Landis opposes plan to shift road maintenance to municipalities
Published 12:00 am Wednesday, December 2, 2009
By Shavonne Potts
LANDIS ó As in many other local municipalities, Landis leaders have expressed their opposition to the state transferring ownership and maintenance of secondary roads to the town.
In 2007, the N.C. General Assembly established the 21st Century Transportation Committee to study the infrastructure needs of the state.
The committee is considering a proposal to transfer responsibility for maintenance, operations and expansion of secondary roads to municipalities.
The Board of Aldermen discussed the proposal at its Monday night meeting.
Alderman Tony Hilton said it represents the state reneging on its own promise. Years ago, he noted, state officials said they would be responsible for roads if counties paid to build schools.
“They’re going back on it. They’re just jerking us around,” Hilton said.
Other board members spoke about not being staffed and equipped to handle the maintenance.
“I wonder where we are going to get this money if this does happen,” Alderman Roger Safrit said.
According to the resolution signed Monday after the meeting, the N.C. Department of Transportation has experienced a significant funding shortfall over the past several years due to the increases in roadway construction costs.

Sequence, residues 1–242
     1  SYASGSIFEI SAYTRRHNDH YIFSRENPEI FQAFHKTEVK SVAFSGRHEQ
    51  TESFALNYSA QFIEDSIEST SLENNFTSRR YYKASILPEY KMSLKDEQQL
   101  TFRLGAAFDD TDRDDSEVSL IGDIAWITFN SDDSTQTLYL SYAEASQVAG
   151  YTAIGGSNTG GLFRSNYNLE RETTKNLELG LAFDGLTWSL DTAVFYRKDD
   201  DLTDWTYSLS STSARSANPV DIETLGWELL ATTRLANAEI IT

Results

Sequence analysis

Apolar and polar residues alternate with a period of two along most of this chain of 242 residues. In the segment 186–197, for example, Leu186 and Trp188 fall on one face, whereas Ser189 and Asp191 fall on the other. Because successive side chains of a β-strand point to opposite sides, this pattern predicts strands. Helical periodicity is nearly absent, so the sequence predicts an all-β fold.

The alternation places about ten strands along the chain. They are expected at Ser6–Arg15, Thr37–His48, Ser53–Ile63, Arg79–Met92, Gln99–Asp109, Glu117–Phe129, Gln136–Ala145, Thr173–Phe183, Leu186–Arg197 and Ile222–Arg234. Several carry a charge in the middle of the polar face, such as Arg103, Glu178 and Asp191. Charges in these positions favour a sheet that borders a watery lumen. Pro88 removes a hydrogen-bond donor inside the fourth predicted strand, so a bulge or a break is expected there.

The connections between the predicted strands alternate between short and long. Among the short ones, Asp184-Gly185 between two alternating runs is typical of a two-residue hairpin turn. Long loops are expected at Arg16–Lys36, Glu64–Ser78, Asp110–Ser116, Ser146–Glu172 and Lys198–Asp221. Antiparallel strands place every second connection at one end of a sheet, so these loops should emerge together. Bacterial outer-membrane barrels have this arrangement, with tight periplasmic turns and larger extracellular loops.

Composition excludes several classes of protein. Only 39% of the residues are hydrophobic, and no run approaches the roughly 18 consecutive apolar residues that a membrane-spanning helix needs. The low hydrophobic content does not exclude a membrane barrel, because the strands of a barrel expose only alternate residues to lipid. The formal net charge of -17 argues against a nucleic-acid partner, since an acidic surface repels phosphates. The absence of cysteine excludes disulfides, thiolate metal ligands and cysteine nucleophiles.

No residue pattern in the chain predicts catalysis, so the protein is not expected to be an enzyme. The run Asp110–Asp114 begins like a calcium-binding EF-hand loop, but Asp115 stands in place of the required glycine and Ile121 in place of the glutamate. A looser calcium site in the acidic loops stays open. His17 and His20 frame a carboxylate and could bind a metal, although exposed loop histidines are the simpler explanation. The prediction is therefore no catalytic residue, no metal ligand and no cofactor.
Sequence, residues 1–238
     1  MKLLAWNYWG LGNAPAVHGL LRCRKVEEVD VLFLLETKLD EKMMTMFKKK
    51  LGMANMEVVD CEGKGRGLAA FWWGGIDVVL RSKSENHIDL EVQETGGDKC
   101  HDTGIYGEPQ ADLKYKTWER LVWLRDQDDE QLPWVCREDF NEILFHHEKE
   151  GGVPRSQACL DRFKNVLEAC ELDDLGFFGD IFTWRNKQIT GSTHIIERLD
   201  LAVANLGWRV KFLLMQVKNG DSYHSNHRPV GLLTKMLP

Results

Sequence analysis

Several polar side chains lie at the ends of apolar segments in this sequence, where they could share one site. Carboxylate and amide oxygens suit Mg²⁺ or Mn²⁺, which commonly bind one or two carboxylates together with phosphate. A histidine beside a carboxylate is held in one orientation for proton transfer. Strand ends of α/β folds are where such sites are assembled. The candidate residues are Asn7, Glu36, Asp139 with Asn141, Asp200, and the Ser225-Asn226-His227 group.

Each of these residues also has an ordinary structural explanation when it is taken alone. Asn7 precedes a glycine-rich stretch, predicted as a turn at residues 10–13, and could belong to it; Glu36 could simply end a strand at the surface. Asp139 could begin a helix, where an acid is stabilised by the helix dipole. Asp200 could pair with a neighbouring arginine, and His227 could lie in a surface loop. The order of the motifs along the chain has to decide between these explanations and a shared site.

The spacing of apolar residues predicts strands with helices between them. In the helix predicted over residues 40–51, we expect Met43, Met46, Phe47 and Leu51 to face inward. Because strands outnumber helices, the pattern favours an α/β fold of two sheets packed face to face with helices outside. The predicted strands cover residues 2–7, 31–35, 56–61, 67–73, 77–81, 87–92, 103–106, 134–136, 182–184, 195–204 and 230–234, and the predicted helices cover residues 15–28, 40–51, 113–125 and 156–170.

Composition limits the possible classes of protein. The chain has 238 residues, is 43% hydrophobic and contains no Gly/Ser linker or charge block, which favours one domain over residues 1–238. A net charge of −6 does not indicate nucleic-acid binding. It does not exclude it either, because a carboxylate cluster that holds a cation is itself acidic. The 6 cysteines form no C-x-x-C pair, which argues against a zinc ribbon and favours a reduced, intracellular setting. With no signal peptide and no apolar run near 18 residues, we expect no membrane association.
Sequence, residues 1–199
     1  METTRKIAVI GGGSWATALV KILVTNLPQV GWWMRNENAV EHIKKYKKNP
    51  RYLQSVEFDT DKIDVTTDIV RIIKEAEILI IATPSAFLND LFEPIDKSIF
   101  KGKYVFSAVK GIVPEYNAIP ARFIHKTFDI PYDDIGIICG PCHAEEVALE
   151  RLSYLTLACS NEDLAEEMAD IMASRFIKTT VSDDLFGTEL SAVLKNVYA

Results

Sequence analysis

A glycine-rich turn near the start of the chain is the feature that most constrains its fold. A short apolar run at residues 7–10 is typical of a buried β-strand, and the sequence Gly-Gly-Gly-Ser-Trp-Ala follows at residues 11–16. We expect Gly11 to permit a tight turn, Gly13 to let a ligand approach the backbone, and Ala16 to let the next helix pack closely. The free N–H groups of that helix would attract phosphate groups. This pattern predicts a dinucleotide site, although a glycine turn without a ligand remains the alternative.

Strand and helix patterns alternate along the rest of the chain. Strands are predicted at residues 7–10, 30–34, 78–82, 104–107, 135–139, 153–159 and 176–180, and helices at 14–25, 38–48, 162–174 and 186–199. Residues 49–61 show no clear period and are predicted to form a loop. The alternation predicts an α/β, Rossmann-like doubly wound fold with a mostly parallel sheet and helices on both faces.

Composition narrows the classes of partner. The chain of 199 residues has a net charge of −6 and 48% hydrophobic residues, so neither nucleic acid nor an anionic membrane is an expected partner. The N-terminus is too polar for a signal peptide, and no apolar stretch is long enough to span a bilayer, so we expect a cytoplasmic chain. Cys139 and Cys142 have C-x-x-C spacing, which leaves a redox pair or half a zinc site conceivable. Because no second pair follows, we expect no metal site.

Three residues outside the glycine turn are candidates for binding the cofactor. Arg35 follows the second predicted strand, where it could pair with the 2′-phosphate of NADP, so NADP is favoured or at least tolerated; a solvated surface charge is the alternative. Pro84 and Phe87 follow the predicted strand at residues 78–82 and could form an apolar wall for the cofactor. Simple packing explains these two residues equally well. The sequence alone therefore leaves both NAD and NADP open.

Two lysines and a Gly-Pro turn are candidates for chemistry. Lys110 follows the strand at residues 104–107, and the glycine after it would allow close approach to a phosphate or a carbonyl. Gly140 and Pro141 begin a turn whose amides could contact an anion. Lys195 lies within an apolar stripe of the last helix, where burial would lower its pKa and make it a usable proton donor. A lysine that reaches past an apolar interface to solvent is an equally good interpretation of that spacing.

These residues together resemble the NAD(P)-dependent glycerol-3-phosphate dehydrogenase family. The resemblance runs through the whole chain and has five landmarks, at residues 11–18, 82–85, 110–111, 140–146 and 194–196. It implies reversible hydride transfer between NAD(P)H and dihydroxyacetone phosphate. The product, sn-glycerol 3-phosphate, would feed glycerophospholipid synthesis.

The State Transportation Plan identifies state-maintained roads in terms of importance. Roads are designated tier one, meaning they have statewide importance; tier two, regional importance; or tier three, sub-regional importance.
The General Assembly wants to transfer 5,000 miles of tier-three state-maintained roads within municipal limits to the local governments.
According to the Cabarrus-Rowan Transportation Advisory Committee, which circulated the resolution opposing the proposal to local governments, the 21st Century Transportation Committee’s plan does not adequately address issues involving maintenance, modernization and expansion of these tier-three roads.
Other issues not addressed are provisions for upgrading substandard roads to an acceptable condition prior to the transfer, workload and technical demands on municipal staff and administration of roads that cross municipal limits multiple times.
The Salisbury City Council signed the resolution opposing the change in November.
Contact Shavonne Potts at 704-797-4253.